on October 26, 2010
Jose Villarreal Roig Spain As I usually do in other countries, otherwise I would have nothing to write in my diary, I´ve tried to get a little familiar with Cuban food since, in my opinion, the biggest problem when traveling lies in the food. I remember when we were kids and we refused to eat, dad used to tell us that we should eat all sorts of food, because the eating habit is the most difficult to change. As time went by, as it always happens to every one of us, we recognize that our parents were right. The cuisine of this famous Island has a very common menu in most homes and popular restaurants. It is usually based on pork, chicken, white rice, black beans and tubers such as cassava and fried green plantain. It is also typical a dish called ajíaco, which consists of putting together in a pot one or different types of meat with those tubers, known as here viandas, to obtain a thick and tasteful broth... That, I think, is the most representative but not the only thing. Because when my family asked me where to find a place in Havana that does not only serves international food, I had already chosen a name on the travel guide: La Fontana, in Miramar. In that restauran-paladar, a national term, I found that there is a culinary tradition in Cuba whose delights may surprise tourists. I´m not going to stop at describing the physical space of La Fontana: the garden, the air-conditioned room, the bar ... the cosy and homely atmosphere. Let´s leave it for later. I want to point out the peculiarity of its kitchen. First, it specializes in dishes cooked on the grill with charcoal using seasonal ingredients to preserve the natural flavors. One can find the conventional dishes of the local cuisine, which La Fontana keeps updated. Specifically, I tried the fish-based recipes, unique flavors of the Caribbean at its best species: snapper, swordfish, tuna and wreckfish, combined with the most classic of the Cuban tradition as black beans, tamale casserole, a seasoned cornmeal dough, and shredded beef, which is popularly known as ropa vieja. Even the metaphor of the name inspires curiosity. I´ll keep on gathering information. I could eat some of these dishes in several visits. And that´s why I got surprised by the part of the menu related to the native diet of the indigenous tribes who lived in the Island at Christopher Columbus arrival in 1492. I can mention mollusks such as sea nails, crayfish, octopus ... well, maybe I´m overdoing a bit, but one tells what one sees and feels.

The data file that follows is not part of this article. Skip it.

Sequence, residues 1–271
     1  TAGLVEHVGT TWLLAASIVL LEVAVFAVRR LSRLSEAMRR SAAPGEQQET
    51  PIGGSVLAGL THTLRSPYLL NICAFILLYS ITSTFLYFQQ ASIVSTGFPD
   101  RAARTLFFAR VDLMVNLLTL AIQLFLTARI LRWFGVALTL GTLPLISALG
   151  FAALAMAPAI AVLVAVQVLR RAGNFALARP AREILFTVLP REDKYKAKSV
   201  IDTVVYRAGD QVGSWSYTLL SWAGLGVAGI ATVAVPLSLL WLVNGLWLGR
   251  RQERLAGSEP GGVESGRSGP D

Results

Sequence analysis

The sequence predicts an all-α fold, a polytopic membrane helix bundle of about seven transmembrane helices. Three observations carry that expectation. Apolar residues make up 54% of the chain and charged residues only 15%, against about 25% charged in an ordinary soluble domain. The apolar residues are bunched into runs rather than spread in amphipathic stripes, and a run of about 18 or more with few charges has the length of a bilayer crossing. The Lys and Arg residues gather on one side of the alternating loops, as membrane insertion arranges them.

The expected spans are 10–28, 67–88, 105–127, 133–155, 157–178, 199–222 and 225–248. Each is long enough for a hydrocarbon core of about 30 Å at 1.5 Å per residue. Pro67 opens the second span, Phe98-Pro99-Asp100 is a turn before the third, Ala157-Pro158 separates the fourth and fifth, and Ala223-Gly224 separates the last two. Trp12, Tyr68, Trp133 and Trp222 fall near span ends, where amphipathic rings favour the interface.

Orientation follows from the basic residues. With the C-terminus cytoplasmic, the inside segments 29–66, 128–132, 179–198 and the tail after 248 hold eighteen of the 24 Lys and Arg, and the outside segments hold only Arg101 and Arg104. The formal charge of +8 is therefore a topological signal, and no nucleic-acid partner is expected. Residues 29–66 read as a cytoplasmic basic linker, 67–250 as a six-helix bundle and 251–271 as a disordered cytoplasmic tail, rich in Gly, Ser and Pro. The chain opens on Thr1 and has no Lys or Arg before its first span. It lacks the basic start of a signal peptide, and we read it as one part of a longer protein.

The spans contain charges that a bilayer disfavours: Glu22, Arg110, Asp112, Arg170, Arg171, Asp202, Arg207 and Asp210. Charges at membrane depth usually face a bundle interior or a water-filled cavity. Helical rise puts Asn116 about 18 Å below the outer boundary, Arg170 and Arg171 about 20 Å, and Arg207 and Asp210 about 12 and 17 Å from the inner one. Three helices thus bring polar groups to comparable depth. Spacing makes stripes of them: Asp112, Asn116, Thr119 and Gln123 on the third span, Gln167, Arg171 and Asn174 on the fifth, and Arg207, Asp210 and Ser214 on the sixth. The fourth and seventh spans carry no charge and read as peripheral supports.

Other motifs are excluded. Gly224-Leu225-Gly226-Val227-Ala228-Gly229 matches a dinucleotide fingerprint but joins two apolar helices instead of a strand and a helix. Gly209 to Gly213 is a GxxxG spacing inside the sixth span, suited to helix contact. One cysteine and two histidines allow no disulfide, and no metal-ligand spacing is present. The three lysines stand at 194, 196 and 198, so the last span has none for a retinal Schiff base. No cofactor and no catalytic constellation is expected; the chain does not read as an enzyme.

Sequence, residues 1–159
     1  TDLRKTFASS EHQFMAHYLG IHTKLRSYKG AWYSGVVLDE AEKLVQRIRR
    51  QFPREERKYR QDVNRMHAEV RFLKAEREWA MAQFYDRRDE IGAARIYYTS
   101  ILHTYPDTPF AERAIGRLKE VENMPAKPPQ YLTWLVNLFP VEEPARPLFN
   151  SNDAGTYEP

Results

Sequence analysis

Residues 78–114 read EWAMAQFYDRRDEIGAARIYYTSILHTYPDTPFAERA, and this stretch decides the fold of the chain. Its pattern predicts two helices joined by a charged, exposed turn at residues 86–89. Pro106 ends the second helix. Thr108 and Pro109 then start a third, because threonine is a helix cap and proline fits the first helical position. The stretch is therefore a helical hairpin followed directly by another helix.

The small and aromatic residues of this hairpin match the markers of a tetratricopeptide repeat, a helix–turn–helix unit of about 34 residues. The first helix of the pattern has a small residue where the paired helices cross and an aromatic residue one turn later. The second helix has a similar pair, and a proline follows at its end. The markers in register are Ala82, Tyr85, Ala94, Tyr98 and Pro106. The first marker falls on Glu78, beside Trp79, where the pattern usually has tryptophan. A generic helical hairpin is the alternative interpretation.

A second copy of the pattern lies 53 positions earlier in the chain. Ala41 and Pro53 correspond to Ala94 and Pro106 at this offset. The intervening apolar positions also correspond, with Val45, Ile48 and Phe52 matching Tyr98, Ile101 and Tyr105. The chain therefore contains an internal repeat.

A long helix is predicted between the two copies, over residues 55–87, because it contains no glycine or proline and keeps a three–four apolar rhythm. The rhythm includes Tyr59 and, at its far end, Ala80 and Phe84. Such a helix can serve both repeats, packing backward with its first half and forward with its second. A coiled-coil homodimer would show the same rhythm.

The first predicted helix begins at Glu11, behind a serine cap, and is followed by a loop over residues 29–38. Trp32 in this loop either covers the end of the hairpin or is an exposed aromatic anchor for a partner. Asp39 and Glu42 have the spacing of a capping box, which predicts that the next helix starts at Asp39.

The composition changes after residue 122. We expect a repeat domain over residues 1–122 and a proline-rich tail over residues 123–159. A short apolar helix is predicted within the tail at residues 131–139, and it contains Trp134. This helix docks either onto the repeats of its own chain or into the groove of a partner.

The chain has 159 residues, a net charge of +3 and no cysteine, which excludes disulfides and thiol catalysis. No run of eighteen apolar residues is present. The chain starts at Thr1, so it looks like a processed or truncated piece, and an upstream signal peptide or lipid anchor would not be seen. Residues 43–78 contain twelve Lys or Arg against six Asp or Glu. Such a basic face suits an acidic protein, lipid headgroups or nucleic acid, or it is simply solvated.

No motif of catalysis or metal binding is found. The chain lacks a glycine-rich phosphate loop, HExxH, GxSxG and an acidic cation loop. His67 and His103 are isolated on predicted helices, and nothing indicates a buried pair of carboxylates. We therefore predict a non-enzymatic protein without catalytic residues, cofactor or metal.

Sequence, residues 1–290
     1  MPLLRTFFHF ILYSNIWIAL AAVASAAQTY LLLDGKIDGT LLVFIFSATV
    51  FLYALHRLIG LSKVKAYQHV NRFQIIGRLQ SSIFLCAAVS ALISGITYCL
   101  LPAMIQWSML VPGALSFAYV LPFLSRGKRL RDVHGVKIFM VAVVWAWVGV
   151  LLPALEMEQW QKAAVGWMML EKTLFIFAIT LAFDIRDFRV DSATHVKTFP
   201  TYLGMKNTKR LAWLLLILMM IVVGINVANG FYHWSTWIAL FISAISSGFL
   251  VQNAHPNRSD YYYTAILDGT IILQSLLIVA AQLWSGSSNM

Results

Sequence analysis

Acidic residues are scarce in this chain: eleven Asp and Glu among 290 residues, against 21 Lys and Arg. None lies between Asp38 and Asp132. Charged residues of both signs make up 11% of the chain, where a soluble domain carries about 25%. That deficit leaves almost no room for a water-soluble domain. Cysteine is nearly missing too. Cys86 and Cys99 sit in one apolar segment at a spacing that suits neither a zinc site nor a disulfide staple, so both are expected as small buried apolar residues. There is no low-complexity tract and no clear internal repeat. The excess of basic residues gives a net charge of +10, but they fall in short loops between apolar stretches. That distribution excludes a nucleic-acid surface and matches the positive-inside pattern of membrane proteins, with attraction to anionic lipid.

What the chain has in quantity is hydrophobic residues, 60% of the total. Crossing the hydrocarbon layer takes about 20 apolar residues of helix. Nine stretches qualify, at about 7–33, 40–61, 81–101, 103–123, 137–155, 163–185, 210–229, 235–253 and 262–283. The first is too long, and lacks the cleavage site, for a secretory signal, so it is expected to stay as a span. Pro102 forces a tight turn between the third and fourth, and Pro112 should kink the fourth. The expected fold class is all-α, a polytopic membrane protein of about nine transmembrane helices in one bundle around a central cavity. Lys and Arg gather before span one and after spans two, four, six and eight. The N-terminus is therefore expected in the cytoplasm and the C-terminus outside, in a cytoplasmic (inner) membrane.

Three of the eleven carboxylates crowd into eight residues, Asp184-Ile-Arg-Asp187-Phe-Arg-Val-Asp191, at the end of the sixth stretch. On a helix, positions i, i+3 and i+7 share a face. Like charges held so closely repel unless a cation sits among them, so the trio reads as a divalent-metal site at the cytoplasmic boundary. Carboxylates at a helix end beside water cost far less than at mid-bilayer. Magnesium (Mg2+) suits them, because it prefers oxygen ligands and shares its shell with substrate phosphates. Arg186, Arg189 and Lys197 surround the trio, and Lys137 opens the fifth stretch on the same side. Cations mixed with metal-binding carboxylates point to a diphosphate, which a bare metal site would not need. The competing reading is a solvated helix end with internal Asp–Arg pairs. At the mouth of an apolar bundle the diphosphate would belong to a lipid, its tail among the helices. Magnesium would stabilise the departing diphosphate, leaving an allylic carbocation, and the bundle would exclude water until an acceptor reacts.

©Travelocity.com LP 2000-2009